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Confidence indicators rebound in Brazil

June 26, 2019

Both retail and construction confidence indicators registered increases in June.

Talk of the Day


FGV just released June’s confidence indicators for the retail and construction sectors. In the retail sector, confidence registered the first increase since the beginning of the year, rising 1.8 p.p., to 93.2. The improvement was driven by the 5.1 p.p. advance in the expectation component, while the current situation index receded 1.5 p.p. in the period. Confidence in the construction sector rose 2.1 p.p. in June, to 82.8, after a 1.8 p.p. drop in the last month. Both expectation (+3.1 p.p.) and current situation (1.2 p.p.) components increased in the period.

June’s IPCA-15 inflation came in at 0.06% mom, in line with our forecast and slightly below market expectations (0.07%). In year-over-year terms, inflation receded to 3.84%, from 4.93% in the previous month, also in line with our call and slightly below the market’s (3.85%). Deflation in food prices took the spotlight, with price drops for food consumed at home (-0.82%) and away from home (-0.33%). Market-set prices fell 0.07% (3.5% yoy, from 4.3% in the IPCA-15 report for May), while regulated prices climbed 0.43% during the month, leading the year-over-year rate to slid to 4.8% yoy (6.8% yoy in the previous month). Importantly, all core measures remain at comfortable levels, while many of the temporary shocks seen in some prices earlier this year — especially fresh groceries and fuels — are already being reversed. The Brazilian economy continues to face a wide output gap. That factor, along with favorable inertia and anchored inflation expectations, should keep inflation under control. Finally, the National Monetary Council (CMN) meets on Thursday, June 27, and will decide the inflation target for 2022. We expect the target to be set at 3.5%, following the already disclosed downward path of 0.25 p.p. per year, from 4.25% this year to 3.75% in 2021. ** Full story here.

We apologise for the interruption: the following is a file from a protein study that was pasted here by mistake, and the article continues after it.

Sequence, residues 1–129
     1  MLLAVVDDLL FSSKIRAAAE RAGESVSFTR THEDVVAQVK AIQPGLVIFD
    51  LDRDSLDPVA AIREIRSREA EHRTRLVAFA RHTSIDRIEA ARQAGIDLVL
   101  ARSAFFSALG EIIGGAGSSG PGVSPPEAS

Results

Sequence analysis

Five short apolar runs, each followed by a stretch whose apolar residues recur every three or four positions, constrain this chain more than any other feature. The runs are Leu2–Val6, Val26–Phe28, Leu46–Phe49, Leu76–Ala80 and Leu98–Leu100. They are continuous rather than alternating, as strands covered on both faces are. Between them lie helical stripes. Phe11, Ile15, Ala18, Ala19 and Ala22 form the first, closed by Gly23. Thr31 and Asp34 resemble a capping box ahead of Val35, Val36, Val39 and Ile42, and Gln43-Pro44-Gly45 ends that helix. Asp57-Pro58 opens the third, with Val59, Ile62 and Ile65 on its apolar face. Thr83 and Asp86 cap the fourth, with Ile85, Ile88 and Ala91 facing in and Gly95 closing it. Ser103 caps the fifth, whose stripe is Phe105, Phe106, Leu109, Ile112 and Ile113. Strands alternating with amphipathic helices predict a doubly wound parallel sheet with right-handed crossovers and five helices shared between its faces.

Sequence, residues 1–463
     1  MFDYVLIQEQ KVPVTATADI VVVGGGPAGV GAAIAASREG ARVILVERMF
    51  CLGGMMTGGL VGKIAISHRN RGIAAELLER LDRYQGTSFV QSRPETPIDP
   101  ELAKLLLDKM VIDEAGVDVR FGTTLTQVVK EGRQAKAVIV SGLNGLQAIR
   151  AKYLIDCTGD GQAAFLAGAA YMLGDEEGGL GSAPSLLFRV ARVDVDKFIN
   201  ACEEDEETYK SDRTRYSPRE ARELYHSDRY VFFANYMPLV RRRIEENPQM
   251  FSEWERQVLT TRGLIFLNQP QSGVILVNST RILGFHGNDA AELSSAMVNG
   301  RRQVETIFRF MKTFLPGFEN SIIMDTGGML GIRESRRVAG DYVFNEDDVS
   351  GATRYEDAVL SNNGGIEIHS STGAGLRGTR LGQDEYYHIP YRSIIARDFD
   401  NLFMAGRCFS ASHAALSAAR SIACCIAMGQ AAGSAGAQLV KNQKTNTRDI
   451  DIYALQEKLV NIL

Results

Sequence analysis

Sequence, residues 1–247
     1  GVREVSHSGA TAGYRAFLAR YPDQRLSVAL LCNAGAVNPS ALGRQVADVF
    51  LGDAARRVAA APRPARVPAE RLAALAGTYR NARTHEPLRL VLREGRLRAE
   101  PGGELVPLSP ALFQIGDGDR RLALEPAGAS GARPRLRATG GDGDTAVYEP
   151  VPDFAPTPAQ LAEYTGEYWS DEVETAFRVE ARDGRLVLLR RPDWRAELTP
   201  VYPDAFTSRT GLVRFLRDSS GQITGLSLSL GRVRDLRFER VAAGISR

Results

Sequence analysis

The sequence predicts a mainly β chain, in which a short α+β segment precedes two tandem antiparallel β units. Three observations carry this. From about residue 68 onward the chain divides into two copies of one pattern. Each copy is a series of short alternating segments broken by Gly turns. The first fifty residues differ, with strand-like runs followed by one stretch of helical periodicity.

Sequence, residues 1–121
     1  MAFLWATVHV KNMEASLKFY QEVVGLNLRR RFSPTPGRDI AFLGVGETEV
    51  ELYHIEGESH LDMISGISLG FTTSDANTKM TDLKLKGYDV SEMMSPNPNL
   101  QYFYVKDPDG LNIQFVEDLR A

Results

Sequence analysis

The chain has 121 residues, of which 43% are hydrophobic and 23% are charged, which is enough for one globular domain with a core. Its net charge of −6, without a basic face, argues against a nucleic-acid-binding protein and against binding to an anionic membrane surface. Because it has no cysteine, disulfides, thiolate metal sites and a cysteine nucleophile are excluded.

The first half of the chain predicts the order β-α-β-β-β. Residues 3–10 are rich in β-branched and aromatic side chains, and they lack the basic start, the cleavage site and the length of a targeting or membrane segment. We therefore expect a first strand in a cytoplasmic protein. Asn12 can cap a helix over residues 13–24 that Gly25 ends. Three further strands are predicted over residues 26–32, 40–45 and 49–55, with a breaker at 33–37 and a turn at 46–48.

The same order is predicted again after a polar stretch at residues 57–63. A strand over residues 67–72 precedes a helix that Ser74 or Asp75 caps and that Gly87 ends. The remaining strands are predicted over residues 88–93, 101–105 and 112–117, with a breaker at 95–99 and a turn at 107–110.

The minutes of Copom’s last monetary meeting, at which the committee kept the Selic rate stable at 6.5% pa, were released yesterday. The minutes brought about a clear verbal indication that, conditional on concrete progress on the reform front, the Copom will resume easing shortly. The authorities stated that the forward looking scenario that incorporates rate cuts delivers inflation at target in the key policy horizon. The text also updated their assessment of economic activity, with explicit concession that the recovery has stalled. While expressing a more benign view of the external environment, the Copom provided a mixed view on the impact of fiscal adjustment on the economy. In all, we think the text reinforced our call that the Copom resumes easing with a 25-bp rate cut in its July 31th meeting, conditional on concrete progress in the reform front. It should be noted that the Copom decision will take place a few hours after the release of the July FOMC outcome, which may have some bearing on local deliberations. ** Full story here.

Day Ahead: On the fiscal front, May’s primary budget balance for the central government will come in, for which we expect a BRL 17.9 billion deficit. Additionally, the Central Bank will publish May’s credit report.


Retail sales increased 1.6% yoy in April, above our forecast (-0.1%) and market’s expectations (1.4%). According to calendar-adjusted data reported by the statistics institute (INEGI), retail sales accelerated to 2.3% yoy in April (from 0.9% March), taking the quarterly growth rate to 1.9% in April (from 1.3%). At the margin, using seasonally-adjusted figures, retail sales accelerated to 0.7% mom in April (from -0.2%), taking the qoq/saar to 4.8% in the month (from 2.1%). Relative to 2018, we expect private consumption to moderate its pace in 2019, as the U.S. deceleration and uncertainties facing the economy curb GDP growth. In this context, employment is already weakening. However, lower inflation expectations and recent minimum wage increases support real wages, which provides backing for consumption. ** Full story here.

Day Ahead: At 10:00 AM, INEGI will announce May’s unemployment rate, which we expect to come in at 3.4%. According to data reported by the Mexican Institute of Social Security (IMSS), formal employment continues to weaken (2.39% yoy in May, from 2.54% in April).


Day Ahead: At 4:00 PM, the INDEC will publish the EMAE (official monthly GDP proxy) for April, which we expect to increase 1.0% mom/sa, implying a 3.5% yoy decline. At the same time, external accounts data will be released. For May’s trade balance, we forecast a surplus of USD 1 billion (versus a USD 1.3 billion deficit registered in the same month of 2018). The current account balance for 1Q19 will be published as well, for which we forecast a USD 2.5 billion deficit from -USD 9.6 billion in 1Q18.

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